147 Age Categories in Late Adulthood

Martha Lally; Suzanne Valentine-French; and Dinesh Ramoo

There have been many ways to categorize the ages of individuals in late adulthood. In this chapter, we will be dividing the stage into three categories: young–old (sixty-five to eighty-four), oldest-old (eighty-five to ninety-nine), and centenarians (one hundred and older) for comparison. These categories are based on the conceptions of aging including, biological, psychological, social, and chronological differences. They also reflect the increase in longevity of those living to this latter stage.

A smiling man in in old age
Figure 9.5: Young-old experience positive well-being

Young-old: Older adults between the ages of sixty-five and eighty-four comprise the young-old category (Ortman et al., 2014). This time period has also been identified by Laslett (1989) as the “third age” because it follows childhood (the first age) and work and parenting (the second age). According to Barnes (2011a), this age category spans the post-employment years until approximately eighty to eighty-five years, when age-related limitations occur in the areas of physical, emotional, and cognitive development. Generally, this age span includes many positive aspects and is considered the “golden years” of adulthood. Why is it seen so positively?

Individuals at this age often have fewer responsibilities than in previous stages, and when combined with adequate finances and good health, they can pursue leisure and self-fulfillment opportunities. It is also an unusual age in that people are considered both in old age and not in old age (Rubinstein, 2002). When compared to those above eighty-five (known as the fourth age), the young-old experience relatively good health and social engagement (Smith, 2000), knowledge and expertise (Singer, Verhaeghen, Ghisletta, Lindenberger, and Baltes, 2003), and adaptive flexibility in daily living (Riediger, Freund, and Baltes, 2005). The young-old also show strong performance in attention, memory, and crystallized intelligence. In fact, those identified as young-old are more similar to those in midlife than those who are eighty-five and older. This group is less likely to require long-term care, to be dependent or poor, and more likely to be married, working for pleasure rather than income, and living independently. Chronic diseases, such as cardiovascular disease, hypertension, and cancer, are among the most common (especially later in this period), but because they are linked to lifestyle choices, they typically can be can prevented, lessoned, or managed (Barnes, 2011b). Overall, those in this age period feel a sense of happiness and emotional well-being that is better than at any other period of adulthood (Carstensen, Fung, and Charles, 2003; George, 2009; Robins and Trzesniewski, 2005).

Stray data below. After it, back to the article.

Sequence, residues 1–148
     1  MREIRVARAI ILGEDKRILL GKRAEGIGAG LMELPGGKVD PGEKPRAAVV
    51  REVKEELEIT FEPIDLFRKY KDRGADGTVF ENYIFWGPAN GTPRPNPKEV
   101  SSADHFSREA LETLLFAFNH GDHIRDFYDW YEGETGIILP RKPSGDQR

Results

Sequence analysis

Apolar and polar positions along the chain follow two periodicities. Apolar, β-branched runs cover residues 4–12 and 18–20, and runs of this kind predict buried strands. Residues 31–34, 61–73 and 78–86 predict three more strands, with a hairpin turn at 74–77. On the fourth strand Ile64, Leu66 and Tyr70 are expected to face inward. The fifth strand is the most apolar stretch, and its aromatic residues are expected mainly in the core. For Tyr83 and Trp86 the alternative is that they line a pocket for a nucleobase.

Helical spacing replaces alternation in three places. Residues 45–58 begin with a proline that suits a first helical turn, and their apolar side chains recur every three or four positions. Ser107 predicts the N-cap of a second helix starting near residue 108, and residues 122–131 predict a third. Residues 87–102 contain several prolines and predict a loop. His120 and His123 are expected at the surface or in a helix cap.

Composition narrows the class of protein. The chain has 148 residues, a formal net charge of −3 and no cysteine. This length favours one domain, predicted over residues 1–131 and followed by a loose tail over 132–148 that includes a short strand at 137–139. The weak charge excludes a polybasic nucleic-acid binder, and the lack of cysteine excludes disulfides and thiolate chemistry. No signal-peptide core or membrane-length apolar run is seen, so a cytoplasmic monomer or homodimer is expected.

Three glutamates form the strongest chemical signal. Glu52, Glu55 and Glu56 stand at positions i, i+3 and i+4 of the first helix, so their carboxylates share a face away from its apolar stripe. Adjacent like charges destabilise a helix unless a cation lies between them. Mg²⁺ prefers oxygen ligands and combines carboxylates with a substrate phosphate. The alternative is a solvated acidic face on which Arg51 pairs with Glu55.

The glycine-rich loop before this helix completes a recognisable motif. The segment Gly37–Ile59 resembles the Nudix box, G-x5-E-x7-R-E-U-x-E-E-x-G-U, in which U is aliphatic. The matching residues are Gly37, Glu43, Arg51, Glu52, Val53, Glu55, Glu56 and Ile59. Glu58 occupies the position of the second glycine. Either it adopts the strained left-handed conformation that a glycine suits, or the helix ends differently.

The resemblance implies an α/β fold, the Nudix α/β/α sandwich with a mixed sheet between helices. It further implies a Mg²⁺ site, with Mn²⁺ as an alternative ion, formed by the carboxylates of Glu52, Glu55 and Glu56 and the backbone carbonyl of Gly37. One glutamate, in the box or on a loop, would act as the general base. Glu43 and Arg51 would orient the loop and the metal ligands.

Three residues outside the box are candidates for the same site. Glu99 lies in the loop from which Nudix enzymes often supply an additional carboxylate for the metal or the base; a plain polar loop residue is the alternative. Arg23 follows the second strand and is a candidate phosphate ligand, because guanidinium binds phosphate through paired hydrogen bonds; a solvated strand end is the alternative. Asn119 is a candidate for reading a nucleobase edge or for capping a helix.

Oldest-old: This age group is sometimes called the fourth age and often includes people who have more serious chronic ailments among the older adult population. In the US, the oldest-old represented 14 percente of the older adult population in 2015 (He, Goodkind, and Kowal, 2016). This age group is one of the fastest growing worldwide and is projected to increase more than 300 percent over its current levels (National Institute on Aging, 2015b). The oldest-old are projected to be nearly 18 million by 2050, or about 4.5 percent of the US population, compared with less than 2 percent of the population today. Women comprise more than 60 percent of those eighty-five and older, but they also suffer from more chronic illnesses and disabilities than older males (Gatz et al., 2016).